One of the overarching goals is to live your life how you see fit and not shape your identity to match others’ perception of yourself. That’s difficult when you’ve collected a history of rejections that undoubtedly molded your identity and ego to behave a certain way. The more rejections you’ve experienced, the stronger your ego will strive to protect you from further harm. This results in a deadlock; you can’t grow as a man unless you unshackle your ego that’s holding you back.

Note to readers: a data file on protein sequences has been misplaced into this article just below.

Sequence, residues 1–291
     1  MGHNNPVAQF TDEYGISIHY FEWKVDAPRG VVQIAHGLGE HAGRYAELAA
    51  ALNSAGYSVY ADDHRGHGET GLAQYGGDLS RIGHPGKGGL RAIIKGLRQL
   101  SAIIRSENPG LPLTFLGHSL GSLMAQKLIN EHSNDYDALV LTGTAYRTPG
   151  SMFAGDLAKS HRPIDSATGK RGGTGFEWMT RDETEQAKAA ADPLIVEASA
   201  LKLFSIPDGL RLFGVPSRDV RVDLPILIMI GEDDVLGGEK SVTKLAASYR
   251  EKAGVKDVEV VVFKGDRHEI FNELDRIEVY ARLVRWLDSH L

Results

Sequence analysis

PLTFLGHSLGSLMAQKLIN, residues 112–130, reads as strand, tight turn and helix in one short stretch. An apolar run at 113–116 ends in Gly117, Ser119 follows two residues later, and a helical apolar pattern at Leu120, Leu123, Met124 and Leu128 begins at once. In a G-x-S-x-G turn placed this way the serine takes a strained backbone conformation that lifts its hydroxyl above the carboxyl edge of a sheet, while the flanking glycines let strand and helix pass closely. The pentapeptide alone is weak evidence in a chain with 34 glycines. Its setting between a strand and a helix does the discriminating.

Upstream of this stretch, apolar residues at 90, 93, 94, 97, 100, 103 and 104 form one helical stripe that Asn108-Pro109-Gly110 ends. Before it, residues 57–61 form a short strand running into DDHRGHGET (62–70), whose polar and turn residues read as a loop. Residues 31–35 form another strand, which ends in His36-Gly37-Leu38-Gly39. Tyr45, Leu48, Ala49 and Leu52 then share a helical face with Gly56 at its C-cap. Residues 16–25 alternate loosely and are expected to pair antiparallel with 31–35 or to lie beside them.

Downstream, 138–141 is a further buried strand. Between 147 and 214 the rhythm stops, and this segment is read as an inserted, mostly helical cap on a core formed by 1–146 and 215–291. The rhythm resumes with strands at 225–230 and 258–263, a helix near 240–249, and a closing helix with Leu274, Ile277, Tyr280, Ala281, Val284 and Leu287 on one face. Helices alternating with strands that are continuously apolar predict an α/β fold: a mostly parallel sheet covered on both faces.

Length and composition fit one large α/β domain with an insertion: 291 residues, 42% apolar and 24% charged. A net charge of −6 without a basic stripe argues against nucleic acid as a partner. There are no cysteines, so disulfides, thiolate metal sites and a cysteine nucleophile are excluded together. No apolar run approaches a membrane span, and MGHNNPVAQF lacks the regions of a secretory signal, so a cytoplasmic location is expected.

Traveling and living abroad shortcuts this toxic behavior. It allows you to instantly leave your past experiences behind and become someone new as soon as the plane touches ground. And although, over time, this feeling can wear off as you acclimate to your new environment and adopt the cultural norms, usually this shock is all you need to learn what’s truly possible when you abandon all your previous emotional baggage of the past, let go of your false identity, demolish your overprotective and restraining ego, and start living your life to the absolute fullest.